2 die in California wildfire that left little time to flee
LAKE ISABELLA, Calif. (AP) - A deadly wildfire that roared through dry brush and trees in the mountains of central California gave residents little time to flee as flames burned dozens of homes to the ground, propane tanks exploded, and smoke obscured the path to safety. Two bodies were found Friday near Lake Isabella, a popular recreation area east of Bakersfield that was ravaged by wind-whipped flames, said Phil Neufeld, a spokesman for the Kern County Fire Department. At least 80 houses were destroyed in the southern Sierra Nevada as the fire burned out of control across 29 square miles, leveling neighborhoods and forcing thousands of people to flee from fast-moving flames.


Officials: No evidence Orlando gunman was gay
WASHINGTON (AP) - FBI investigators so far have not turned up persuasive evidence that Orlando gunman Omar Mateen was gay or pursuing gay relationships, according to two government officials familiar with the investigation. The FBI began looking into that possibility after media reports last week quoted men as saying that Omar Mateen had reached out to them on gay dating apps and had frequented the gay nightclub where the June 12 massacre took place. One man claimed to be Mateen's gay lover in an interview with Univision that aired this week, while another recalled Mateen as a regular at the Pulse club who tried to pick up men.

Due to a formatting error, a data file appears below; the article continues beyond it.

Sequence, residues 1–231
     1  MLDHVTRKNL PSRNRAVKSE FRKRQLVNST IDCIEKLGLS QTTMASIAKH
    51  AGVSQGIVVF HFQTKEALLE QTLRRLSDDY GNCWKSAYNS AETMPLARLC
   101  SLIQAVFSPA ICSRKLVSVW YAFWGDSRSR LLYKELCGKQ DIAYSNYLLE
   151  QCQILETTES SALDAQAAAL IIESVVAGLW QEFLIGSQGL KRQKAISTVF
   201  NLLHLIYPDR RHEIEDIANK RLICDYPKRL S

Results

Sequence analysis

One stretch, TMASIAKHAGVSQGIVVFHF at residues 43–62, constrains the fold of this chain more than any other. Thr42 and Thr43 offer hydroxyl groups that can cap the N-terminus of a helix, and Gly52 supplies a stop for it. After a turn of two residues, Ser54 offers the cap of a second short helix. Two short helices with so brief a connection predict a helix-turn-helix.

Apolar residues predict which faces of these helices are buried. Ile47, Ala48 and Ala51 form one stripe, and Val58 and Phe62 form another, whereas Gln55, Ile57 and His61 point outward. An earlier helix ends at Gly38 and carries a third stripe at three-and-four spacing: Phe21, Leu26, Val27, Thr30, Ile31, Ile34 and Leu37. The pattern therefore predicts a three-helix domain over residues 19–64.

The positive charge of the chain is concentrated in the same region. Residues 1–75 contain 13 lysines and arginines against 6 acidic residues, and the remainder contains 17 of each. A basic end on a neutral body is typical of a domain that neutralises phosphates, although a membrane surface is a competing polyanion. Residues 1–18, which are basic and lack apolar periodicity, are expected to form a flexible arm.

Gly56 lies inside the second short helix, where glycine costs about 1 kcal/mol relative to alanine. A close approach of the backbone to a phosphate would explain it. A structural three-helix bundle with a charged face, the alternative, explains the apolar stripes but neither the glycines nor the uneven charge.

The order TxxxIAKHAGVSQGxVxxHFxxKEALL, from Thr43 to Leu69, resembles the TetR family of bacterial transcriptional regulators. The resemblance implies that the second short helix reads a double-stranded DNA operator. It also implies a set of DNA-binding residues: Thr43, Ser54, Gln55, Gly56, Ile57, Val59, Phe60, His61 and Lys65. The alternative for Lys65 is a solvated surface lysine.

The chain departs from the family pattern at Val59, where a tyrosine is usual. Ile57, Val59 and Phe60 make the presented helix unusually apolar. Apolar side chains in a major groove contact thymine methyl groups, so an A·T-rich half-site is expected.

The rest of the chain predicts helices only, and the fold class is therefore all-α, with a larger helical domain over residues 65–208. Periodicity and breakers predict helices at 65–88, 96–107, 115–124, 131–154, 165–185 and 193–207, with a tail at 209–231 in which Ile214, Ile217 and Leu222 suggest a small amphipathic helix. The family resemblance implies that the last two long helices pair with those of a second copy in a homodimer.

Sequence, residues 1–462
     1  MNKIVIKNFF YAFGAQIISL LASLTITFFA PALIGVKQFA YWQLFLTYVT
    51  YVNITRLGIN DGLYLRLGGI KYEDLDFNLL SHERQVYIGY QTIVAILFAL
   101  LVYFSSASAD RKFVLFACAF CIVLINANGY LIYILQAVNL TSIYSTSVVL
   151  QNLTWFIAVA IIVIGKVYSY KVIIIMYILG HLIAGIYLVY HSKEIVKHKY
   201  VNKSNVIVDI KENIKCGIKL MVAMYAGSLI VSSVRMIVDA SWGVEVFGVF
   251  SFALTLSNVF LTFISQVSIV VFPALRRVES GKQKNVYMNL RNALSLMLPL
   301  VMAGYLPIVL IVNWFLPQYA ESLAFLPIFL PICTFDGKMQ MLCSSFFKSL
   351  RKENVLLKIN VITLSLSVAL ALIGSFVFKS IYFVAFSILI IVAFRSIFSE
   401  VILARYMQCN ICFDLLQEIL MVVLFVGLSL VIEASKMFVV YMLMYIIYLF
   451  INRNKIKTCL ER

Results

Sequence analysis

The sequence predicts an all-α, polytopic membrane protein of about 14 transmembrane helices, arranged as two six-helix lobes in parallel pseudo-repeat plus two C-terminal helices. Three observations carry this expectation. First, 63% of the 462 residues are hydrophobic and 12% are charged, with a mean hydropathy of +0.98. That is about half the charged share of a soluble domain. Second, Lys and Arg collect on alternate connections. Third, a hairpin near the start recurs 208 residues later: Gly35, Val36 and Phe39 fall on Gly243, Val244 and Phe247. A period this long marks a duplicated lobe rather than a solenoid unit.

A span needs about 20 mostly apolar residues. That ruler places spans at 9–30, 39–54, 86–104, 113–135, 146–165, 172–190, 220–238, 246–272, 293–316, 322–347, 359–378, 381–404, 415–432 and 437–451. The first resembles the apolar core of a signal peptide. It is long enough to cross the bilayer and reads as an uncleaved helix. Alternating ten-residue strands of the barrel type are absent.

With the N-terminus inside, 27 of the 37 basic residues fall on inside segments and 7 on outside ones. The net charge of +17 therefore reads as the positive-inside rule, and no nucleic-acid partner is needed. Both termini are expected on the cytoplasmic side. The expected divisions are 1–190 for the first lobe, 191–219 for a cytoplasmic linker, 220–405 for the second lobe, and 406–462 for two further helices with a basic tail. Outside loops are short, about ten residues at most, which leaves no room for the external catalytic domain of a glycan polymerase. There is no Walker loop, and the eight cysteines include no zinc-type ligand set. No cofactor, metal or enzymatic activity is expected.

Text: Lawyer seeks plea deal, doubts Manziel can stay clean
DALLAS (AP) - An attorney handling Johnny Manziel's domestic violence case expressed doubts about the Heisman Trophy-winning quarterback's ability to stay clean and said he was given a receipt that shows Manziel may have spent more than $1,000 at a drug paraphernalia store just 15 hours after he was involved in a hit-and-run crash, according to a lengthy text message accidentally sent to The Associated Press. Defense attorney Bob Hinton's text indicated Manziel's legal team was seeking a plea deal with prosecutors, but suggested that could be tricky. "Heaven help us if one of the conditions is to pee in a bottle," the attorney wrote.


CNN's Lewandowski joins stable of former operatives on news
NEW YORK (AP) - Corey Lewandowski, who debuted as a CNN contributor three days after being fired as Donald Trump's campaign manager, is hardly the only political operative that a cable news network is paying to talk about politics. Paul Begala (Bill Clinton's former aide), David Axelrod (Barack Obama), Karl Rove (George W. Bush), Steve Schmidt (John McCain), Donna Brazile (Al Gore) and Joe Trippi (Howard Dean) all work at either CNN, Fox News Channel or MSNBC. But the speed of Lewandowski's switch this week, his background of hostility toward reporters and questions about his loyalty make his hire stand out.


Obama names Stonewall national monument; 1st for gay rights
WASHINGTON (AP) - President Barack Obama created the first national monument to gay rights on Friday, designating the site of the Stonewall riots in Manhattan where the modern gay rights movement took root nearly five decades ago. The Stonewall National Monument will be anchored by Christopher Park, a small park just across from the iconic Stonewall Inn tavern, and covers a 7.7 acre swath of Greenwhich Village where the uprising took place after police raided the gay bar in 1969. Obama said the monument would "tell the story of our struggle for LGBT rights" and of a civil rights movement that became a part of America.